Sparks v. Social Security Administration, Commissioner

Filing 11

MEMORANDUM OPINION. Signed by Judge L Scott Coogler on 06/10/2013. (MSN)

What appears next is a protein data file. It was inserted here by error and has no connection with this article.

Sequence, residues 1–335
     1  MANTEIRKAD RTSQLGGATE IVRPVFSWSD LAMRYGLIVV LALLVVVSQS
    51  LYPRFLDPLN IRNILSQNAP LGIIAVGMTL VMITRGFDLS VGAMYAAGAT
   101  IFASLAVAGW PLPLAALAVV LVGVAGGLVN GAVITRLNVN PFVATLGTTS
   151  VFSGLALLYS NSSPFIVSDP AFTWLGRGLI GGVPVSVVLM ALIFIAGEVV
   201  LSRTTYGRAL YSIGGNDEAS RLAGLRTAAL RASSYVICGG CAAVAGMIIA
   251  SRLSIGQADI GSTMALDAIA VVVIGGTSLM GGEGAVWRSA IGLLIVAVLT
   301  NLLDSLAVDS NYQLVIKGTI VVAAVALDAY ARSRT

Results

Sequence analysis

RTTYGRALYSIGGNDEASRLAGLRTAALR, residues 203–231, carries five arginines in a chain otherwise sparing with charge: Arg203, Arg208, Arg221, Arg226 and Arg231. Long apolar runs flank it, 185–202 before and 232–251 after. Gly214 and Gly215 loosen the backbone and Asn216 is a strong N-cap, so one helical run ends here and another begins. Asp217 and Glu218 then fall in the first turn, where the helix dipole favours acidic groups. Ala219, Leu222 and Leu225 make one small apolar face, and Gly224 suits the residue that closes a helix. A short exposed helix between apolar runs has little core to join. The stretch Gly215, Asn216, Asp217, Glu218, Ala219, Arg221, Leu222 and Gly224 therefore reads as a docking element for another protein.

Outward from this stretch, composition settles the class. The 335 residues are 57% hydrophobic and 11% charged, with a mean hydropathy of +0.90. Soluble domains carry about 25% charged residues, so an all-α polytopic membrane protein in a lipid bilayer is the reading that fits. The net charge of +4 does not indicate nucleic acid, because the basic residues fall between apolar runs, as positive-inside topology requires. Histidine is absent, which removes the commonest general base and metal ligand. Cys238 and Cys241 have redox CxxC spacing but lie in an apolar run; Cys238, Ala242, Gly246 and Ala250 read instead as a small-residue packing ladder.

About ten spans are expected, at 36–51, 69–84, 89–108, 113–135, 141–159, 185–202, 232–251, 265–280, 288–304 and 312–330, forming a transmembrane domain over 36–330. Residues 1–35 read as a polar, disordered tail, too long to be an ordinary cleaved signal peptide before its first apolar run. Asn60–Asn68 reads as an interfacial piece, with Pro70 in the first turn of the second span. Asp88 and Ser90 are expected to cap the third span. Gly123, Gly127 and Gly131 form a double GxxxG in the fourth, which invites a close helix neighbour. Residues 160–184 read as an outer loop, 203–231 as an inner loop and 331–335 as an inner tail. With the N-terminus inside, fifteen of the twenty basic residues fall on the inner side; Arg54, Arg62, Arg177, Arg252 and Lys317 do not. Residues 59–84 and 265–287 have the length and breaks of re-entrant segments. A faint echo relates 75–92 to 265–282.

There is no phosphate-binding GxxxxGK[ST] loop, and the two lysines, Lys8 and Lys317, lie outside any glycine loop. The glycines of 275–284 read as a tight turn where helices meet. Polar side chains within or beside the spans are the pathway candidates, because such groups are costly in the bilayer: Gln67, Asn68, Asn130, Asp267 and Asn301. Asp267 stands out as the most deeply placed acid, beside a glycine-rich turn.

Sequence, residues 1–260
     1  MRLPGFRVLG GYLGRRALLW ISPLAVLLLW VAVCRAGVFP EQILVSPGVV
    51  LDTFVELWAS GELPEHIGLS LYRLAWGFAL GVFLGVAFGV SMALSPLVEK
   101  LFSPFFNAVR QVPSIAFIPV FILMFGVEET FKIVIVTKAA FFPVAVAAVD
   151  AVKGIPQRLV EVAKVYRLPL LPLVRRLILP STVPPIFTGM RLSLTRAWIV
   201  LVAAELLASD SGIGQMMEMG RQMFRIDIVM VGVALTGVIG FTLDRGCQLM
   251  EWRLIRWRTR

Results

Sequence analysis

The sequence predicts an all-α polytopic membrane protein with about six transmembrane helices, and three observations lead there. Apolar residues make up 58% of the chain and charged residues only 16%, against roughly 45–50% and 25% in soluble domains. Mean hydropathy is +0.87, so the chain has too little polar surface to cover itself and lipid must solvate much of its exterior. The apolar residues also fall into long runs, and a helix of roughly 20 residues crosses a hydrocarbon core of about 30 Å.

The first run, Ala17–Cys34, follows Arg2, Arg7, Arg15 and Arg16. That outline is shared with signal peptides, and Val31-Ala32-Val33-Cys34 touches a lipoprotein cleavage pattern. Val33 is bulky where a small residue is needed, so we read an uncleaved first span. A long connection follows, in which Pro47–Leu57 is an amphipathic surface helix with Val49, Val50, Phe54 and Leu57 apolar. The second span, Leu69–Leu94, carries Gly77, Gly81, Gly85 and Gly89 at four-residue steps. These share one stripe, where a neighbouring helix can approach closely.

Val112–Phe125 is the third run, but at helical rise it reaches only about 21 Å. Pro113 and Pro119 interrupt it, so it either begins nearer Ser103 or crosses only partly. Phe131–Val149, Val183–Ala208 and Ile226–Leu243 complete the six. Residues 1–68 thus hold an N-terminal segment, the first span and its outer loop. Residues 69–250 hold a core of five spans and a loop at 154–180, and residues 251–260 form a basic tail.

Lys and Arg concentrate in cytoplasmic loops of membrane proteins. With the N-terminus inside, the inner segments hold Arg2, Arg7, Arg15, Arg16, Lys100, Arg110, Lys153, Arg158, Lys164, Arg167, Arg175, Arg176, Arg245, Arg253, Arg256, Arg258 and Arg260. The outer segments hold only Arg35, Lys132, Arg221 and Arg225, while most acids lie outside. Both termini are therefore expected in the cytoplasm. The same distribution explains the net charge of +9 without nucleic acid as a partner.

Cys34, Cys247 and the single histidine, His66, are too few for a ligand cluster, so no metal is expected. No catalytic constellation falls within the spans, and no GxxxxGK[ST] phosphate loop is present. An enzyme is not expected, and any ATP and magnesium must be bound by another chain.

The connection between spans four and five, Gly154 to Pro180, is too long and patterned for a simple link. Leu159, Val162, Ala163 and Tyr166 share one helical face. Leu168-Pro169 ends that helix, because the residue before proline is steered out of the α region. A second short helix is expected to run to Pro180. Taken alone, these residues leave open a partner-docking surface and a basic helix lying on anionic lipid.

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FILED 2013 Jun-10 AM 11:02 U.S. DISTRICT COURT N.D. OF ALABAMA UNITED STATES DISTRICT COURT NORTHERN DISTRICT OF ALABAMA SOUTHERN DIVISION JOSEPH SPARKS, Plaintiff, vs. CAROLYN W. COLVIN, Commissioner of Social Security, Defendant. ) ) ) ) ) ) ) ) 2:12-CV-02092-LSC MEMORANDUM OF OPINION I. Introduction The plaintiff, Joseph Sparks, appeals from the decision of the Commissioner of the Social Security Administration (“Commissioner”) denying his application for Supplemental Security Income (“SSI”) and Disability Insurance Benefits (“DIB”). Mr. Sparks timely pursued and exhausted his administrative remedies and the decision of the Commissioner is ripe for review pursuant to 42 U.S.C. §§ 405(g), 1383(c)(3). Mr. Sparks was fifty-seven years old at the time of the Administrative Law Judge’s (“ALJ’s”) decision, and he has a twelfth grade education, as well as specialized training in the mining industry. (Tr. at 30.) His past work experiences include employment as an office manager and an auto salesman. (Tr. at 32-33.) Mr. Page 1 of 15 Sparks claims that he became disabled on September 7, 2009, due to elbow pain, seizures, depression, and anxiety. (Tr. at 32-33.) When evaluating the disability of individuals over the age of eighteen, the regulations prescribe a five-step sequential evaluation process. See 20 C.F.R. §§ 404.1520, 416.920; see also Doughty v. Apfel, 245 F.3d 1274, 1278 (11th Cir. 2001). The first step requires a determination of whether the claimant is “doing substantial gainful activity.” 20 C.F.R. §§ 404.1520(a)(4)(i), 416.920(a)(4)(i). If he or she is, the claimant is not disabled and the evaluation stops. Id. If he or she is not, the Commissioner next considers the effect of all of the physical and mental impairments combined. 20 C.F.R. §§ 404.1520(a)(4)(ii), 416.920(a)(4)(ii). These impairments must be severe and must meet the durational requirements before a claimant will be found to be disabled. Id. The decision depends on the medical evidence in the record. See Hart v. Finch, 440 F.2d 1340, 1341 (5th Cir. 1971). If the claimant’s impairments are not severe, the analysis stops. 20 C.F.R. §§ 404.1520(a)(4)(ii), 416.920(a)(4)(ii). Otherwise, the analysis continues to step three, which is a determination of whether the claimant’s impairments meet or equal the severity of an impairment listed in 20 C.F.R. pt. 404, Subpart P, Appendix 1. 20 C.F.R. §§ 404.1520(a)(4)(iii), 416.920(a)(4)(iii). If the claimant’s impairments fall within this category, he or she Page 2 of 15 will be found disabled without further consideration. Id. If they do not, a determination of the claimant’s residual functional capacity (“RFC”) will be made and the analysis proceeds to the fourth step. 20 C.F.R. §§ 404.1520(e), 416.920(e). The fourth step requires a determination of whether the claimant’s impairments prevent him or her from returning to past relevant work. 20 C.F.R. §§ 404.1520(a)(4)(iv), 416.920(a)(4)(iv). If the claimant can still do his or her past relevant work, the claimant is not disabled and the evaluation stops. Id. If the claimant cannot do past relevant work, then the analysis proceeds to the fifth step. Id. Step five requires the court to consider the claimant’s RFC, as well as the claimant’s age, education, and past work experience in order to determine if he or she can do other work. 20 C.F.R. §§ 404.1520(a)(4)(v) 416.920(a)(4)(v). If the claimant can do other work, the claimant is not disabled. Id. Applying the sequential evaluation process, the ALJ found that Mr. Sparks meets the insured status requirements of the Social Security Act through Dec. 31, 2013. (Tr. at 15.) He further determined that Mr. Sparks has not engaged in substantial gainful activity since the alleged onset of his disability. (Id.) According to the ALJ, Plaintiff’s s/p fracture of the left elbow; s/p left elbow replacement with resulting mild wasting osteoarthritis; and seizure disorder are considered “severe” Page 3 of 15 based on the requirements set forth in the regulations. (Id.) However, he found that these impairments neither meet nor medically equal any of the listed impairments in Appendix 1, Subpart P, Regulations No. 4. (Tr. at 17.) The ALJ did not find Mr. Sparks’s allegations to be totally credible, and he determined that he has the following residual functional capacity: light exertional work; he cannot climb ladders, ropes or scaffolding; he should avoid unprotected heights and moving machinery; and he is limited to jobs where it is acceptable to rely on his dominant right arm for lifting and carrying. (Id.) According to the ALJ, Mr. Sparks is able to perform his past relevant work as an office manager. (Tr. at 20.) Using the testimony of a vocational expert (VE), the ALJ found that he can perform the job of office manager, not as he actually performed it, but as it is generally performed in the national economy. (Id.) The ALJ concluded his findings by stating that Plaintiff “has not been under a ‘disability,’ as defined in the Social Security Act, from September 7, 2009, through the date of this decision.” (Tr. at 21.) II. Standard of Review This Court’s role in reviewing claims brought under the Social Security Act is a narrow one. The scope of its review is limited to determining (1) whether there is Page 4 of 15 substantial evidence in the record as a whole to support the findings of the Commissioner, and (2) whether the correct legal standards were applied. See Richardson v. Perales, 402 U.S. 389, 390, 401 (1971); Wilson v. Barnhart, 284 F.3d 1219, 1221 (11th Cir. 2002). The Court approaches the factual findings of the Commissioner with deference, but applies close scrutiny to the legal conclusions. See Miles v. Chater, 84 F.3d 1397, 1400 (11th Cir. 1996). The Court may not decide facts, weigh evidence, or substitute its judgment for that of the Commissioner. Id. “The substantial evidence standard permits administrative decision makers to act with considerable latitude, and ‘the possibility of drawing two inconsistent conclusions from the evidence does not prevent an administrative agency’s finding from being supported by substantial evidence.’” Parker v. Bowen, 793 F.2d 1177, 1181 (11th Cir. 1986) (Gibson, J., dissenting) (quoting Consolo v. Fed. Mar. Comm’n, 383 U.S. 607, 620 (1966)). Indeed, even if this Court finds that the evidence preponderates against the Commissioner’s decision, the Court must affirm if the decision is supported by substantial evidence. Miles, 84 F.3d at 1400. No decision is automatic, however, for “despite this deferential standard [for review of claims] it is imperative that the Court scrutinize the record in its entirety to determine the reasonableness of the decision reached.” Bridges v. Bowen, 815 F.2d 622, 624 (11th Cir. 1987). Moreover, failure to Page 5 of 15 apply the correct legal standards is grounds for reversal. See Bowen v. Heckler, 748 F.2d 629, 635 (11th Cir. 1984). III. Discussion Mr. Sparks alleges that the ALJ’s decision should be reversed and remanded for two reasons. First, he believes that the ALJ failed to properly evaluate the credibility of the plaintiff’s testimony regarding his disabling symptoms. (Doc. 8 at 4.) Second, Plaintiff contends that the ALJ did not properly consider the combined effects of his impairments. (Doc. 8 at 7.) A. Subjective Pain Standard Plaintiff contends that the ALJ improperly evaluated the credibility of his testimony. (Doc. 8 at 4.) It has been established that disability benefits may not be awarded solely on the basis of a claimant’s own subjective complaints. 42 U.S.C. §§423 (d)(5)(A), 1382c(a)(3)(H)(I) (“An individual shall not be considered to be under a disability unless he furnishes such medical and other evidence of the existence thereof as the Commissioner of Social Security may require. An individual’s statement as to pain and other symptoms shall not alone be conclusive evidence of disability.”) However, a claimant’s subjective claims of pain and other symptoms can support a finding of disability if they are supported by medical evidence that fulfills the Page 6 of 15 Eleventh Circuit’s “pain standard” and are not discredited by the ALJ. See Foote v. Chater, 67 F.3d 1553, 1561 (11th Cir. 1995). In order to satisfy the pain standard, a claimant must show “evidence of an underlying medical condition, and either (1) objective medical evidence to confirm the severity of the alleged pain arising from that condition, or (2) that the objectively determined medical condition is of a severity that it can reasonably be expected to give rise to the alleged pain.” Id. at 1560; see also Dyer v. Barnhart, 395 F.3d 1206, 1210 (11th Cir. 2005); Landry v. Heckler, 782 F.2d 1551, 1553 (11th Cir. 1986). Once the pain standard is satisfied, the ALJ must consider a claimant’s subjective testimony of pain and other symptoms. Foote, 67 F.3d at 1560; see also Minter v. Astrue, 722 F.Supp. 2d 1279, 1282 (N.D. Ala. 2010) (holding that “if a claimant testifies to disabling pain and satisfies the three part pain standard, he must be found disabled unless that testimony is properly discredited.”) If the ALJ discredits the claimant’s subjective testimony of pain and other symptoms, he must articulate explicit and adequate reasons for doing so. Wilson v. Barnhart, 284 F.3d 1219, 1225 (11th Cir. 2002); see also Soc. Sec. Rul. 96-7p, 1996 WL 374186 (1996) (“[T]he adjudicator must carefully consider the individual’s statements about symptoms with the rest of the relevant evidence in the case record in reaching a conclusion about the Page 7 of 15 credibility of the individual’s statements.”) “Although [the Eleventh Circuit] does not require an explicit finding as to credibility. . . the implication must be obvious to the reviewing court.” Dyer, 395 F.3d at 1210 (quoting Foote, 67 F.3d at 1562). The ALJ is not required to cite “particular phrases or formulations” in his credibility determination, but it cannot be a broad rejection that is insufficient to enable this Court to conclude that the ALJ considered the claimant’s medical condition as a whole. Id. In this case, Plaintiff claims that although the ALJ articulated several reasons for discounting Plaintiff’s testimony, none of these reasons were supported by substantial evidence of record. (Doc. 8 at 5.) The ALJ found that the plaintiff showed evidence of his underlying medical condition, as required by the Eleventh Circuit’s pain standard, but that the medical evidence failed to support the severity of the limitations to which the plaintiff testified. (Tr. at 18.) Specifically, the ALJ found that the “longitudinal medical evidence cannot be fully reconciled with the level of symptoms and limiting effects of the impairments as alleged.” (Id.) To support this conclusion the ALJ noted, for example, that Plaintiff has undergone an x-ray of his left elbow, which was replaced in 1999, that revealed no complication in the resulting hardware. (Tr. at 18, 204.) Additionally, the plaintiff underwent a subsequent x-ray Page 8 of 15 on the same elbow in November 2009 with similar results. (Tr. at 18, 293.) The ALJ also noted that, following Plaintiff’s complaints of pain in his left knee, a November 2009 x-ray of the plaintiff’s left knee revealed pathology consistent with a disease called Osgood-Schlatter. (Tr. at 18, 295.) However, the plaintiff’s medical records lack previous reports of pain in this knee. (Tr. at 18, 235, 244, 293.) Plaintiff contends that he did not seek medical care because he could not afford it. The ALJ acknowledged that Plaintiff lost his medical insurance after losing his job in 2009; however, he had an “extensive longitudinal history with his primary care physician, Dr. Jerry McLane, prior to losing his insurance,” and there is no indication in any of these medical records that the plaintiff complained of pain in his knee or elbow. (Tr. at 18.) The ALJ also noted that while there is evidence in the record that the plaintiff suffers from “occasional seizures,” the medical evidence reveals that the seizures occur infrequently. (Tr. at 18.) Plaintiff suffered one seizure in 2009; prior to that, the medical record shows that Plaintiff had not suffered a seizure since the very first one he experienced in 1986. (Tr. at 236.) After his 2009 seizure, Plaintiff saw a neurologist, who noted that his epilepsy was controlled with medication (Tr. at 225.) Likewise, a neurological examination of the plaintiff at that time showed that he had Page 9 of 15 normal strength, coordination, gait, and cerebellar function. (Id.) In any event, the ALJ acknowledged that Plaintiff’s seizures occur without warning, and accounted for Plaintiff’s seizures in his RFC by precluding him from climbing ropes, ladders, or scaffolds and from being near unprotected heights or moving machinery. (Tr. at 19.) Additionally, during a January 2010 consultative examination, the plaintiff informed Raveendran Meleth, M.D., the consultative examiner (CE), that he was capable of sitting and standing for two hours at a time. (Tr. at 261.) The CE also found that Plaintiff’s hand grip and dexterity were within normal limits and that he had strength of 5/5 in his upper and lower extremities bilaterally with only a slight loss of sensation in his left forearm. (Id.) In sum, the medical record indicates minimal muscle loss and sparse complaints of pain, which are consistent with the aforementioned residual functional capacity and inconsistent with the plaintiff’s allegations of disabling symptoms. (Tr. at 19.) The ALJ also found that the nature of Plaintiff’s daily activities contradicts his allegations of disabling functional limitations. (Id.) The ALJ cannot use daily activities alone to determine whether a claimant is disabled. However, in considering the entire record, the ALJ may consider a claimant’s activities, to make a finding regarding credibility. 20 C.F.R. § 416.929(c)(3) (“Factors relevant to your symptoms, such as Page 10 of 15 pain, which we will consider include: (I) Your daily activities....”) The plaintiff admitted that he drives up to five times per week. (Tr. at 44.) The plaintiff also claims a need to rest for 10-15 minutes every hour. (Tr. at 38.) However, he shops for and carries groceries and does the laundry. (Tr. at 44.) He also performs heavier household chores such as vacuuming and dusting, and does yard work such as mowing the grass without assistance. (Tr. at 45.) These activities can be physically demanding, and the fact that the plaintiff performs them regularly and without assistance is inconsistent with his claims of disabling pain. Furthermore, the ALJ noted that Plaintiff’s demeanor at the hearing raised questions about his credibility. (Tr. at 19.) The Eleventh Circuit has held that an ALJ is “not prohibited from considering a claimant’s appearance and demeanor at the hearing.” See Macia v. Bowen, 829 F.2d 1009, 1011 (11th Cir. 1987). The regulations and Social Security Ruling (SSR) 96-7p also allow an ALJ to consider his or her observations of the claimant in assessing the credibility of the claimant’s allegations. See 20 C.F.R. §§ 404.1529(c)(3)(vii), (4), 416.929(c)(3)(vii), (4); SSR 96-7p. The plaintiff repeatedly evaded the ALJ’s questions regarding the frequency of his driving and did not admit to driving up to five times per week until the ALJ asked the question multiple times. (Tr. at 19, 43-44.) When considered alongside the medical evidence Page 11 of 15 offered, this lack of candor indicates inconsistency in the plaintiff’s subjective pain testimony. Inferences drawn by the ALJ from the evidence are not to be overturned if they are supported by substantial evidence. Savor v. Shalala, 868 F. Supp. 1363, 1366 (M.D. Fla 1994). In fact, this Court “may not decide facts anew, reweigh the evidence, or substitute [its] judgment for that of the Commissioner.” Dyer, 395 F.3d at 1210. In this case, the ALJ carefully examined all of the available evidence and explained in detail his reasoning for rejecting the plaintiff’s complaints regarding the severity of his elbow and knee pain, and the ALJ set restrictions for the plaintiff based on this evidence. This is sufficient to satisfy this Court that the adverse credibility determination is supported by substantial evidence. See Wilson v. Barnhart, 284 F.3d 1219, 1226 (11th Cir. 2002) (holding that the “ALJ made a reasonable decision to reject [the claimant’s] subjective testimony, articulating, in detail, the contrary evidence as his reasons for doing so”). B. Combined Effects of Plaintiff’s Multiple Impairments Plaintiff contends that the ALJ did not properly consider the combined effects of his multiple impairments, noting that he complained of problems with his left elbow and knees. (Doc. 8 at 7.) A claim for social security benefits based on disability may Page 12 of 15 exist even when the individual impairments are not disabling; in these situations, the ALJ must make “specific and well-articulated findings” as to the effect of the impairments in combination and decide whether the combined impairments cause the claimant to be disabled. Bowen v. Heckler, 748 F.2d 629, 635 (11th Cir. 1984). In considering the plaintiff’s alleged impairments, the ALJ must, at step two of the sequential evaluation process, determine whether the claimant has a medically determinable impairment that is “severe” or a combination of impairments that is “severe.” 20 C.F.R. § 404.1520. If the claimant has a severe impairment or combination of impairments, the analysis proceeds to the third step. In this case, the ALJ found in favor of the plaintiff and determined that he had severe impairments. “Even if the ALJ erred in not indicating whether [a condition] was a severe impairment, the error was harmless because the ALJ concluded that [the claimant] had a severe impairment: and that finding is all that step two requires.” Heathy v. Comm’r of Soc. Sec., 382 F. App’x 823, 824-825 (11thCir. 2010). “Nothing requires that the ALJ must identify, at step two, all of the impairments that should be considered severe. Instead, at step three, the ALJ is required to demonstrate that it has considered all of the claimant’s impairments, whether severe or not, in combination.”Id. at 825. See also Diorio v. Heckler, 721 F.2d 726, 728 (11th Cir. 1991) Page 13 of 15 (applying the harmless error doctrine to social security cases); Jamison v. Bowen, 814 F.2d 585, 588 (11th Cir. 1987) (“the finding of any severe impairment. . . whether or not it results from a single severe impairment or a combination of impairments that together qualify as severe” is enough to satisfy step two). The ALJ identified the plaintiff’s ailments as severe in step two and proceeded to step three, where it was determined that the plaintiff’s impairments or combination of impairments did not meet or medically equal one of the listed impairments in 20 C.F.R. Part 404, Subpart P, Appendix 1. (Tr. at 17.) The ALJ considered both the plaintiff’s knee and elbow impairments and his seizure disorder and determined that these impairments, while severe, do not meet the requirements under any listed impairment. (Id.) Additionally, the ALJ found that “the record does not document medical findings that the claimant’s impairments, individually or in combination, equal the level of severity and duration contemplated under any listed impairment.” (Id.) The ALJ examined the medical records and carefully considered the effects of the plaintiff’s impairments before making a finding, which provides sufficient evidence that the ALJ considered the combined effect of the plaintiff’s impairments. Moreover, the ALJ accounted for limitations caused by Plaintiff’s left knee by limiting Plaintiff to never climbing ladders, ropes, scaffolds and avoiding hazards, Page 14 of 15 unprotected heights, and moving machinery. (Tr. at 17.) The ALJ also gave Plaintiff the benefit of the doubt with respect to his allegations that he had problems with his left elbow. The ALJ accounted for this limitation by restricting plaintiff to jobs where he could rely on his dominant right arm for lifting and carrying. (Id.) IV. Conclusion Upon review of the administrative record, and considering all of Mr. Sparks’s arguments, the Court finds the Commissioner’s decision is supported by substantial evidence and in accord with the applicable law. A separate order will be entered. Done this 10th day of June 2013. L. Scott Coogler United States District Judge [160704] Page 15 of 15